Improvisors regularly have to beautifully create and express opinions via their music, and to have the added challenge of expression overcoming limits, especially directly in terms of limiting their tactile access to the instrument, will I believe provide potentially more inspired music. So musically and technically, my left hand has been getting slowly more limelight in the last few years, and I really look forward to playing more of these pieces on my first solo tour, and thereafter. Definitely more to come in this area.
S.N: What was the first band that you played with?
R.M: Quite Sane. A huge amount of creativity borne out of that group – led byAnthony Tidd, and featuring (during my time) Jason Yarde, Mervin Samuels, Louise Schumacher, Eska Mthungwazi, Eric Appapoulay, Richard Cassell, andMarcina Arnold.
S.N: You have played and recorded with various musicians that include Steve Coleman, Courtney Pine, Keith Waithe, Tomorrow’s Warriors, etc. How was your experience playing with Steve Coleman?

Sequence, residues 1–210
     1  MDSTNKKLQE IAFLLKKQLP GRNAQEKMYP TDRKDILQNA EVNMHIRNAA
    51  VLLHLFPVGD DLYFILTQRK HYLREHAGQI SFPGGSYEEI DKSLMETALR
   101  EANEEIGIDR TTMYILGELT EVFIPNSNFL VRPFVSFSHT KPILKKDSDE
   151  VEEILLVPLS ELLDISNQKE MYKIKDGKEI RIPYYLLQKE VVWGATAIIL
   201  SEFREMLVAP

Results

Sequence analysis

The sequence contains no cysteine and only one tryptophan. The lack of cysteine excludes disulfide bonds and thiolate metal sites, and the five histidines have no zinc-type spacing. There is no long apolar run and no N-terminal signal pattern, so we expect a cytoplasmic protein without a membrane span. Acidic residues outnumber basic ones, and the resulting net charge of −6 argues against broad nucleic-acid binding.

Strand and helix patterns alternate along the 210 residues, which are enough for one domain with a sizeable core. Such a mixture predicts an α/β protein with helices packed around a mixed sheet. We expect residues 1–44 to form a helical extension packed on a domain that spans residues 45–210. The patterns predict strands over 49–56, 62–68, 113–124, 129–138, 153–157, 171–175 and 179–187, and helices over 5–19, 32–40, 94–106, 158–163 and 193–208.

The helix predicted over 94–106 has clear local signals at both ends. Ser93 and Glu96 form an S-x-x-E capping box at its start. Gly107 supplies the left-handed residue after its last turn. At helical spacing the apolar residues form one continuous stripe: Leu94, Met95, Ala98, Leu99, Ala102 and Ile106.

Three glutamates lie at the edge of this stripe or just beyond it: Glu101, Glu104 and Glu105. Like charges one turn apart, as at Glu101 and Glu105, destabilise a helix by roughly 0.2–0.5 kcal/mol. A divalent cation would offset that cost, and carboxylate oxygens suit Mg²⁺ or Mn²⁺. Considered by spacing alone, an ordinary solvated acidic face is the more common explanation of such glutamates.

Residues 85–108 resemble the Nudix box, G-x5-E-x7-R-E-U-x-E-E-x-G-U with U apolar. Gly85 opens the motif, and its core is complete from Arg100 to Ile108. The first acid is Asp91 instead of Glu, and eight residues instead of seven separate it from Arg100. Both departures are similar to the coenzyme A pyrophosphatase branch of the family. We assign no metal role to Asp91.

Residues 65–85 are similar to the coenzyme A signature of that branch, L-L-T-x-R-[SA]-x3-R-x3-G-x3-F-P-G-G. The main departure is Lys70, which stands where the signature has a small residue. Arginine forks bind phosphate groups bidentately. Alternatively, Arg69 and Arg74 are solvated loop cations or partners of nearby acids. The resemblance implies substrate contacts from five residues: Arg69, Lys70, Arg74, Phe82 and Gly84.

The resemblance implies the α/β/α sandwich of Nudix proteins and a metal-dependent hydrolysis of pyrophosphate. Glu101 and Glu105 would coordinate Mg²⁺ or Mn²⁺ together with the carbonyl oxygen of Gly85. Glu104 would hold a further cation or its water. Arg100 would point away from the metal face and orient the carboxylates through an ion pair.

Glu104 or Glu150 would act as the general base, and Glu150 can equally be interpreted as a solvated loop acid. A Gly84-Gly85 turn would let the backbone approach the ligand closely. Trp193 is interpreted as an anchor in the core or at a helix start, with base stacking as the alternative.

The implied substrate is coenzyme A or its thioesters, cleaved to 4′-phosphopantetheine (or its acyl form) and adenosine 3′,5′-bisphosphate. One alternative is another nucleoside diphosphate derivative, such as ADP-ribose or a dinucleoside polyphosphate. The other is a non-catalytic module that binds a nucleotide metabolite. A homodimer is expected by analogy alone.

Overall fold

R.M: Seminal. He is in a category of one. The connection was made via Quite Sane andAnthony Tidd, and I learned things immediately, on my return, and then much later on. It would need another whole interview (!) so I will summarize. I believe there are very few people who can change you, immediately, deeply and permanently. The teachers I mentioned above did. So did he.
Most of the interviews I have read on him – do not come anywhere close to the creative aura he gives off, or reflect the nature of his vision. The books have not yet been written that best underline the importance of his work, and influence on several generations of musicians. The music is an expression of a deeper path to understanding. The mixture of metres are part of the rhythmic hommage to societies long ago – who used multiple calendars – simultaneously.